Penguins of Madagascar
Christian Movie Review
It’s not surprising that the penguins from the Madagascar movies — characters who frequently stole the show and became audience favorites — are getting their own Hollywood big screen spotlight. They deserve it. Their mad antics are often hilarious.
In this film, the penguins compete with an elite organization of do-gooders, the North Wind, to take down an evil villain and save the world. Not the most original plot line, to say the least, but these penguins don’t need a lot to work with to do their zany thing.
Notably, John Malkovich and Benedict Cumberbatch lend their talents to the voice acting.
Kids will find this film entertaining, of course. But will adults like it too? It’s at 57% on Rotten Tomatoes, so it’s questionable. And are there any parental guidance issues to know before bringing your young ones to see it?
Let’s take a look.
Parental Guidance Issues at a Glance…
Sexual Content/Nudity: None, of course. But this category gets downgraded to “Is there anything I wouldn’t want my kid to see” category for movies like this. This could vary greatly, depending on the parent, so I will include anything that comes remotely close: a penguin and an owl share a big smooch, sort of a make-out session but they’re covering their faces. It’s more funny than anything else because it grosses out the other penguins. The penguins slap each other’s bottoms for comedic effect (again, not even sure that would fit in this category, but I’m erring on the safe side). A penguin jokes that there was “no mating” involved.
Violence/Gore: Slapstick cartoon violence, though in some scenes we see leopard seals, who are animated in a frightening way for little children, and they swallow animals whole. Nothing gory. Just animals eating other animals. A penguin gone mad swallows a cat whole. A small innocent cricket is zapped by a laser and turned into a gross looking monster.
Language: None. Some grade school kiddie “language” — i.e. prevalent use of the word “butt.”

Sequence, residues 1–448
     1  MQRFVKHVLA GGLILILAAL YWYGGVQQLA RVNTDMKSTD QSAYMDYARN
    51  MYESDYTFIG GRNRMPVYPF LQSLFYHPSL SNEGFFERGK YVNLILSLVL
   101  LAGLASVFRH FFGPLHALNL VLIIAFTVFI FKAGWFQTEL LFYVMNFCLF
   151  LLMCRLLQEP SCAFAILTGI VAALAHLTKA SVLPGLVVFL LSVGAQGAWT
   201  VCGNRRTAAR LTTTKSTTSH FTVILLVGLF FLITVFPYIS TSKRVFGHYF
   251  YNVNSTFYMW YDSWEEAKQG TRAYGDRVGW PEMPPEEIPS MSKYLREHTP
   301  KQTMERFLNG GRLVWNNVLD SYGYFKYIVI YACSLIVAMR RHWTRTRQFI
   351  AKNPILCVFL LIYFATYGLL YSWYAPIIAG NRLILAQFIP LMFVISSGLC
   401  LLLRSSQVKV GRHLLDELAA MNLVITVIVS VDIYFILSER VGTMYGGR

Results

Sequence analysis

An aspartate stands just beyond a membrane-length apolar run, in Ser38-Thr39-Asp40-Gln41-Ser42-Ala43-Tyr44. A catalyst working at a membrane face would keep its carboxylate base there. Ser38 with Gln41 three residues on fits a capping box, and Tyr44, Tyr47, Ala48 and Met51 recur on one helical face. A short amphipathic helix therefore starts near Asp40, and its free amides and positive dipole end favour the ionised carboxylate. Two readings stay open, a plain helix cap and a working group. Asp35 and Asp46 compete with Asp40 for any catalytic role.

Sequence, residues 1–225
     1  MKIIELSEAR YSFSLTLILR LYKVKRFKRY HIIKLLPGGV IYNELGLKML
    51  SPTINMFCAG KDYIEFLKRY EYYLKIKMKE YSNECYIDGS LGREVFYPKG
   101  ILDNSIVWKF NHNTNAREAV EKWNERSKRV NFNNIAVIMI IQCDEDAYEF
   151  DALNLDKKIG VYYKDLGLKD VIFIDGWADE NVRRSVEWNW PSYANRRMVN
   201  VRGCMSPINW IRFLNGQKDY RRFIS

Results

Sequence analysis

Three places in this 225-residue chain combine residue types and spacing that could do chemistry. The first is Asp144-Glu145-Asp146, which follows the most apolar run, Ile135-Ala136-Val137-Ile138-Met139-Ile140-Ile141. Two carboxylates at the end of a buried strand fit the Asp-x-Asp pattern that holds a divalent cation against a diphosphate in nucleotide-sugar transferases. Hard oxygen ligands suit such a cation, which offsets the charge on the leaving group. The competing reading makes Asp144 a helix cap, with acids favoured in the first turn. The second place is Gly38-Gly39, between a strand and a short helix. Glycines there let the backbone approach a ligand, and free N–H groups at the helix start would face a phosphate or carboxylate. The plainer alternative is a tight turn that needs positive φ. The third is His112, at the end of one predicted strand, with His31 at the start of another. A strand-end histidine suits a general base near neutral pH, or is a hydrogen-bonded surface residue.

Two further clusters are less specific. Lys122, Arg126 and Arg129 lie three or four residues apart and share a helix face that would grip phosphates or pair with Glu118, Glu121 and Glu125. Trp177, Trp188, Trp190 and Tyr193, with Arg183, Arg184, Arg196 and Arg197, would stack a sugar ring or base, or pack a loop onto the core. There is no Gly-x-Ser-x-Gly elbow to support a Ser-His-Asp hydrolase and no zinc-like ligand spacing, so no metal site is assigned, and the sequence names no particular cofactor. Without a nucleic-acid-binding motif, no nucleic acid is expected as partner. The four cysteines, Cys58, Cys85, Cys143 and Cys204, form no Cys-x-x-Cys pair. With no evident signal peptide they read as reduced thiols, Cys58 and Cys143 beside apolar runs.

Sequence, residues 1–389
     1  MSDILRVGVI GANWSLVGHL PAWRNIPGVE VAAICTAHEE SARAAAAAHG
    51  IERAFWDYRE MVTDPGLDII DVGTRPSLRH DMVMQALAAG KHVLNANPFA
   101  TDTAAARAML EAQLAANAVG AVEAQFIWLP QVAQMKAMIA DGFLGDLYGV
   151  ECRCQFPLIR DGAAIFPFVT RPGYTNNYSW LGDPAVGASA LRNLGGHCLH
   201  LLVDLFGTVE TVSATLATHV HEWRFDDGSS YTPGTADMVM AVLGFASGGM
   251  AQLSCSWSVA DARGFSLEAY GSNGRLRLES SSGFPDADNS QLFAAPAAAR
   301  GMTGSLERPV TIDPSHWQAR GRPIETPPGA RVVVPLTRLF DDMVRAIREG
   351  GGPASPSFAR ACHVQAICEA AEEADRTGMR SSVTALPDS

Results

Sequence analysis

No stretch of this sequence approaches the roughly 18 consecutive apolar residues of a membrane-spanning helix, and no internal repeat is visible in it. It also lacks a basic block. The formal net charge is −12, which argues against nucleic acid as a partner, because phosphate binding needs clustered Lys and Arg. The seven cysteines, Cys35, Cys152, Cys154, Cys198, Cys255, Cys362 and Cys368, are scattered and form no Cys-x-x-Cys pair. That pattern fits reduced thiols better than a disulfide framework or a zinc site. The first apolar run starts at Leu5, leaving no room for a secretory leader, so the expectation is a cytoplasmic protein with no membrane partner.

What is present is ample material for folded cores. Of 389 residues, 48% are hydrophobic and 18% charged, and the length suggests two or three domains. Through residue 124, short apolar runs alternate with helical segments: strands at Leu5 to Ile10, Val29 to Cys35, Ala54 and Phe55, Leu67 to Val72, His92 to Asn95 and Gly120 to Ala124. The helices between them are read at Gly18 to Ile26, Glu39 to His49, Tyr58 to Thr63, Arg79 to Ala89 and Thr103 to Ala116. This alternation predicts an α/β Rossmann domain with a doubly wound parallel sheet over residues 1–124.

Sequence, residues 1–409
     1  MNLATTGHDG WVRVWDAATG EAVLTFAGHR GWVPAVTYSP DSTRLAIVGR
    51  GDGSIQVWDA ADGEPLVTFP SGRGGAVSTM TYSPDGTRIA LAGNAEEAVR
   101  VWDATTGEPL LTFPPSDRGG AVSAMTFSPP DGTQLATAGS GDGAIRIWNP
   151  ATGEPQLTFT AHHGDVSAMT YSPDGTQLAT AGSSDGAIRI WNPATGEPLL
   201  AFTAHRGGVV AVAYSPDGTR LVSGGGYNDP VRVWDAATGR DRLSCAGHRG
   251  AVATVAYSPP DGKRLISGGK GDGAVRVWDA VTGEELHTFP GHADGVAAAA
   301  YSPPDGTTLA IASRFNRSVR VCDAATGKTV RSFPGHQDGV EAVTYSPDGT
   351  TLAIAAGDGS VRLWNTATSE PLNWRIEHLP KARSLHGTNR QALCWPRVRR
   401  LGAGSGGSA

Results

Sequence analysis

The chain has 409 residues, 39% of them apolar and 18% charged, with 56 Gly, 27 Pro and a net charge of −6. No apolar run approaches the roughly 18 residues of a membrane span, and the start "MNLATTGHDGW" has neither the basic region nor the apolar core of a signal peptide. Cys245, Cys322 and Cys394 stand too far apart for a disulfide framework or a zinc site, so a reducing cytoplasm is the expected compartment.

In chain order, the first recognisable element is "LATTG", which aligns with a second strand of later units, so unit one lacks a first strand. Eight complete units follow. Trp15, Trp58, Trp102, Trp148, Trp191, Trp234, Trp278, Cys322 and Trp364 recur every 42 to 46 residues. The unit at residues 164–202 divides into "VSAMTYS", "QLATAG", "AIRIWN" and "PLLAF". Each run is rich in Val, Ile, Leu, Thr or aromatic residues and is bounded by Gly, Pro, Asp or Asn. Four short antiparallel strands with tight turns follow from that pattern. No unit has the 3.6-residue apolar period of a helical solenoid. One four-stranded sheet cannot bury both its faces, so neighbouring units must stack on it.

Alcohol/Drug/Smoking Content: None.
Frightening/Intense Content: As mentioned above, the leopard seals are animated in a way that would be frightening to very young children. My daughter is a young toddler (almost 3-years-old), and I wouldn’t take her to see this movie because the leopard seals would scare her, as would the octopus villain and his octopus minions in a few scenes early on (though the villain also becomes a silly character, sort of a comic relief at times, as is common in all of these Madagascar movies). So some of the animation would frighten very young children, perhaps.
(Review continues below)
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Entertainment Value and Film Craft
The animation is fantastic, of course. However, the plot is predictable and a bit boring at times (boring for adults, not for kids). It is a funny film though. The grownups in the theater (including myself) laughed out loudly — i.e. uncontrollable belly laugh — probably three or four times, and there were countless moments that made us grownups in the theater chuckle and/or smile. In other words, if your kids are dragging you to see this movie, don’t worry you will get a fair amount of laughs out of it too. I especially enjoyed John Malkovich and Benedict Cumberbatch in their voice acting roles. Malkovich had some funny puns using the names of celebrities.
Also, stick around for the credits. In the middle of the credits there is a fun bonus scene. I won’t spoil too much of it, but I will say that it involves other beloved characters from the first three Madagascar movies.
Worldview and Conclusion
You wouldn’t expect anything too deep from a silly movie like this one, and Penguins certainly doesn’t aim for the animated profundity of, say, Toy Story 3.
But it does, however, have a wonderful message that I found very refreshing: appearances don’t matter; it’s what you do that counts. It’s perhaps a little cliched — i.e. don’t judge a book by its cover — but just because it’s been repeated many times doesn’t make it any less true or profound.
And there’s something about the way that Penguins goes about it that made it more meaningful. It emphasized the importance of character, selflessness, and courage — especially character — as the quality that defines success in a person (or penguin).
This message is very much needed. And it’s very Victorian, in a way. In the 1800s, popular culture in America (and England) believed that the inner character is what mattered the most and what defined a person’s success. In the early 1900s, as early as the WWI years, a massive shift took place in Western popular culture. It became more about appearance, about personality, about charisma, about using the skills and magnetism of extroversion to create successful relationships, networks, and public image. It was about building a reputation using appearances, not character.
The penguins of Madagascar give that idea of success a big fin slap in the face, and I love those cute and cuddly penguins because of that.
I wouldn’t take very young ones to see it because of some of its intense animation, but the film’s fantastic message and its non-stop hilarity and clever humor make it a worthy theatrical outing for parents and kids alike.
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